The building automation market in Asia is not a homogeneous entity. Market competition, demands, level of openness and price sensitivity vary from country to country, which presents different challenges for smart building technology providers.
In terms of market maturity, Asia has not achieved the same level as Europe and North America, where both building construction and performance are highly regulated by stringent standards, said Elangovan Karuppiah, CEO of the Middle East/Asia Pacific Region at Siemens Building Technologies
. "In the Asian markets, the cost of construction tends to play a bigger role than lifecycle cost. Nonetheless there is a shift in the Asian markets, whereby a greater focus is being placed on the integration of IoT into the entire lifecycle of a building,” he said.
“On the other hand, the ‘young age’ of Asia’s markets have an advantage of learning
from the developmental challenges and successes of their American and European counterparts,” said Shrinivas Chebbi, President of Eco Buildings and Partner at Schneider Electric India. However, because of rising energy prices and strict building codes, the Asian market demand is being driven by more affordable building automation systems (BAS) for medium- and smaller-sized buildings.
Market maturity level varies within Asia as well. “Formative markets, such as emerging countries in Southeast Asia, are investing heavily in new construction. Under such rapid expansion, installers need an efficient way to deploy basic building management infrastructure, and facility managers need a building management system that is easy to use and learn as they are likely to be less experienced. In mature markets, building owners and users are pushing for better energy management and sustainability,” said Wang Ziquan, Director of Controls Products for Building Technologies and Solutions at Johnson Controls
. “However, in general, the direction is toward smart, efficient, human-centric systems,” he added.
Market status in different countries
According to Bryan Montany, Research Analyst at IHS Markit
’s Security and Building Technologies group, the Chinese market for building automation equipment is the single largest market in Asia and is projected to grow to over $500 million by 2021, with a growth rate higher than regional average. “Growing competition from domestic suppliers that are offering lower-cost solutions is also impacting the market. However, private investment into real estate projects remains strong and public funding for certain types of projects, such as airports, is accelerating,” he said.
India, Montany continued, is forecast to be the fastest growing market in APAC, with revenues projected to grow at a CAGR nearly double the regional average through 2021. Even though surging construction rates and a push for energy efficiency will keep driving growth in the country, “the Indian market is very conscious of price and tends to prefer the least expensive hardware available, which represents a potential barrier for international manufacturers,” said Montany.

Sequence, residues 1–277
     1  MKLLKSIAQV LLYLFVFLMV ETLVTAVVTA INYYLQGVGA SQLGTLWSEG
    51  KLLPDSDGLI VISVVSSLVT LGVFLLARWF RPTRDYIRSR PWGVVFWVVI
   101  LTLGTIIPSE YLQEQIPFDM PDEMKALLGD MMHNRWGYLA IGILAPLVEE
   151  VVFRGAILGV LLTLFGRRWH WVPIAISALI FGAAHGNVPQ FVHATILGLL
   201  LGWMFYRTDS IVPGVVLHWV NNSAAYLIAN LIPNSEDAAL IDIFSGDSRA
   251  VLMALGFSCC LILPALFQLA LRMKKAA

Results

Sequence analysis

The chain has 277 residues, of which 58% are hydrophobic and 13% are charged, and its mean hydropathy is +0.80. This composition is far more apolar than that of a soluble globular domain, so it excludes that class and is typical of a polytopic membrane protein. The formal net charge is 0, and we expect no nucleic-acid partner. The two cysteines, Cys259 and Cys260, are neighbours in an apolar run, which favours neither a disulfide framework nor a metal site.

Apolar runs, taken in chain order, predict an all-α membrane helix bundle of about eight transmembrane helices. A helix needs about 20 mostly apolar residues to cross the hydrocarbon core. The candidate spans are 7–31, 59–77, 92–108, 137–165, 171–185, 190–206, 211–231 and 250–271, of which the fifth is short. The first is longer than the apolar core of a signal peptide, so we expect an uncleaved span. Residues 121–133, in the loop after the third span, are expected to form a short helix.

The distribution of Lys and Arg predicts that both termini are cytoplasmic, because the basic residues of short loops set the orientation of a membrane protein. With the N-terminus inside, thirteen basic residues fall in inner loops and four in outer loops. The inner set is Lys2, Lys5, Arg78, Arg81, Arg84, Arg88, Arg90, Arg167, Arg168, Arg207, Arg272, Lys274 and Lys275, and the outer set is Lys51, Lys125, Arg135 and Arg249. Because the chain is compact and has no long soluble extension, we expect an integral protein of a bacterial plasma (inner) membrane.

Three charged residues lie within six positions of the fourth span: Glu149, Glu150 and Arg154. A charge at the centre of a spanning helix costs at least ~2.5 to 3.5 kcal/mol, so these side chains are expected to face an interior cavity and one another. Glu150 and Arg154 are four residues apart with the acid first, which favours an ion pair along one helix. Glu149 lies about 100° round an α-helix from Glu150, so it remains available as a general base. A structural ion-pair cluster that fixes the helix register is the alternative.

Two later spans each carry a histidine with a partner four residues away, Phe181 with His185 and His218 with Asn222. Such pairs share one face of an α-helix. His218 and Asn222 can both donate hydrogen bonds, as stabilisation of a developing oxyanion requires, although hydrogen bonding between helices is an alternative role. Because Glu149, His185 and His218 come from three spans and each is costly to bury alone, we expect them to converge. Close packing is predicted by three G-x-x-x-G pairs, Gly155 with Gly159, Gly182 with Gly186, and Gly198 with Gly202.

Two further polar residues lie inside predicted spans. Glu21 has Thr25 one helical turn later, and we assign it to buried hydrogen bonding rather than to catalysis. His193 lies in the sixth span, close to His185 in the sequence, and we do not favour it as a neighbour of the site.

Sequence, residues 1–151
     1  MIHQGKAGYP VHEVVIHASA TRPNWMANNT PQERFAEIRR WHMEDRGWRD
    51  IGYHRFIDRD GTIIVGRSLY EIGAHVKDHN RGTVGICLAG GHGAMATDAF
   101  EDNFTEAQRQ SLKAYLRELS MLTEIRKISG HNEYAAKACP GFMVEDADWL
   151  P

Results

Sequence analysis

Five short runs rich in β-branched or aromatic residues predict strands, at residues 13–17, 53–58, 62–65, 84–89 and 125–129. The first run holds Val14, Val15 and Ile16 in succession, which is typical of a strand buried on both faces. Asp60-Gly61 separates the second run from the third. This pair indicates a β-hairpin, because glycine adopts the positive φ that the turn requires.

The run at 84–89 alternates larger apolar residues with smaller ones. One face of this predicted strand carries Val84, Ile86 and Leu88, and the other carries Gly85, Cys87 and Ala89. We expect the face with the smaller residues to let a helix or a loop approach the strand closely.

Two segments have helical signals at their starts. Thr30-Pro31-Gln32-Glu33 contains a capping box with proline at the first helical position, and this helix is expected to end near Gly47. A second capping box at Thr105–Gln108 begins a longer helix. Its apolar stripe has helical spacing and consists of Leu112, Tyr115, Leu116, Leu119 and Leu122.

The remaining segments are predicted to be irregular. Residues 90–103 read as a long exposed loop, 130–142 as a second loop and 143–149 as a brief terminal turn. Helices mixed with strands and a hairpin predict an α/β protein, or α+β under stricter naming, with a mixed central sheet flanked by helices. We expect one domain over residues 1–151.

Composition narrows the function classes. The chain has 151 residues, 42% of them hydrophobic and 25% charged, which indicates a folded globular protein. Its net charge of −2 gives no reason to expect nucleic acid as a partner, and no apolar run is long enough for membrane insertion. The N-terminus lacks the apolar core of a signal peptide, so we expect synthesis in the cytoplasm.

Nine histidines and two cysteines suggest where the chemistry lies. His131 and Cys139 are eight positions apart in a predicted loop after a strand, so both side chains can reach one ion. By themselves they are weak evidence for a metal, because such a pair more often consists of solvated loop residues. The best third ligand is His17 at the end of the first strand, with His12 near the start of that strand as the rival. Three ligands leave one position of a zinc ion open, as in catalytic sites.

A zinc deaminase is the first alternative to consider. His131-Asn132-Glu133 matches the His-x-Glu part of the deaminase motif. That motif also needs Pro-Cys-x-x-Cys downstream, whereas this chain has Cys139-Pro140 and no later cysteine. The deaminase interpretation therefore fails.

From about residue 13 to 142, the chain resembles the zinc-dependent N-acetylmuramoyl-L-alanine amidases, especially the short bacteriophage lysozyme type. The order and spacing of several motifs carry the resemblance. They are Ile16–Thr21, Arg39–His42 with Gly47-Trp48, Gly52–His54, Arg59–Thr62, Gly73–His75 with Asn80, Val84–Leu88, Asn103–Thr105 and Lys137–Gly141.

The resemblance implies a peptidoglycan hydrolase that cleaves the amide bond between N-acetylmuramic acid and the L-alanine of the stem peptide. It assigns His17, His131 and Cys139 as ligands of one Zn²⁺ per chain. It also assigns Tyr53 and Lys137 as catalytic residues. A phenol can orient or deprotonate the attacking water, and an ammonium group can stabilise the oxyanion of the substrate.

Commenting on the market in Japan, Montany said that it has been relat ively flat over the past few years, but slow growth is anticipated between 2018 and 2020, with the coming of the 2020 Summer Olympics in Tokyo. While investment to support the games will lead to this growth and make hospitality the fastest growing end-user vertical, a majority of overall revenues will still be generated by retrofits, he said, as scheduled urban renewal projects in major cities will contribute to a marginal increase of equipment sold to support new construction projects.
“However, Japan will remain a difficult market for international vendors to compete in, as the competitive environment for the industry is dominated by a single domestic supplier,” said Montany. With the exception of Japan and South Korea, most APAC countries “have extremely competitive markets that are open to international entrants as a majority of building automation products are imported from foreign manufacturers,” he said.
Analyzing how the Asian market is different from other regions, Wang said a major difference lies in that many Asian cities have high population density, which requires different architectural styles and HVAC designs from their European and North American counterparts. Wang also mentioned that within Asia, customers have different demands for facility operation practices and ways BAS data are presented, including the amount of graphics and preferences for a system view or a floor plan view. “As such, solution providers have to strike the right balance in developing one-size-fits-all or market-specific products,” he said.
Transition to advanced products
BASs comprise of sensors, controllers and actuators to automatically monitor and control a building’s HVAC system. Sensors are utilized to read measurements of environmental conditions such as temperature and humidity. Data is then transmitted to controllers to be aggregated and analyzed, and controllers in turn transmit commands to actuators, which change the settings of HVAC systems to achieve the desired climate in a space.
As emerging economies like China and India have seen rapid growth in commercial building constructions, Montany said that many BASs installed in buildings in both countries come with higher quantities of less sophisticated sensors and controllers than their counterparts in other regions. However, he said, the trend is beginning to change, as building owners are recognizing the value of investing in more expensive and complex sensors and controllers. “Mid-market projects in these countries are transitioning to install more configurable and programmable controllers in their system. These controllers are more expensive and offer more customization and flexibility than fixed-function controllers, so this transition will fuel market growth,” he said.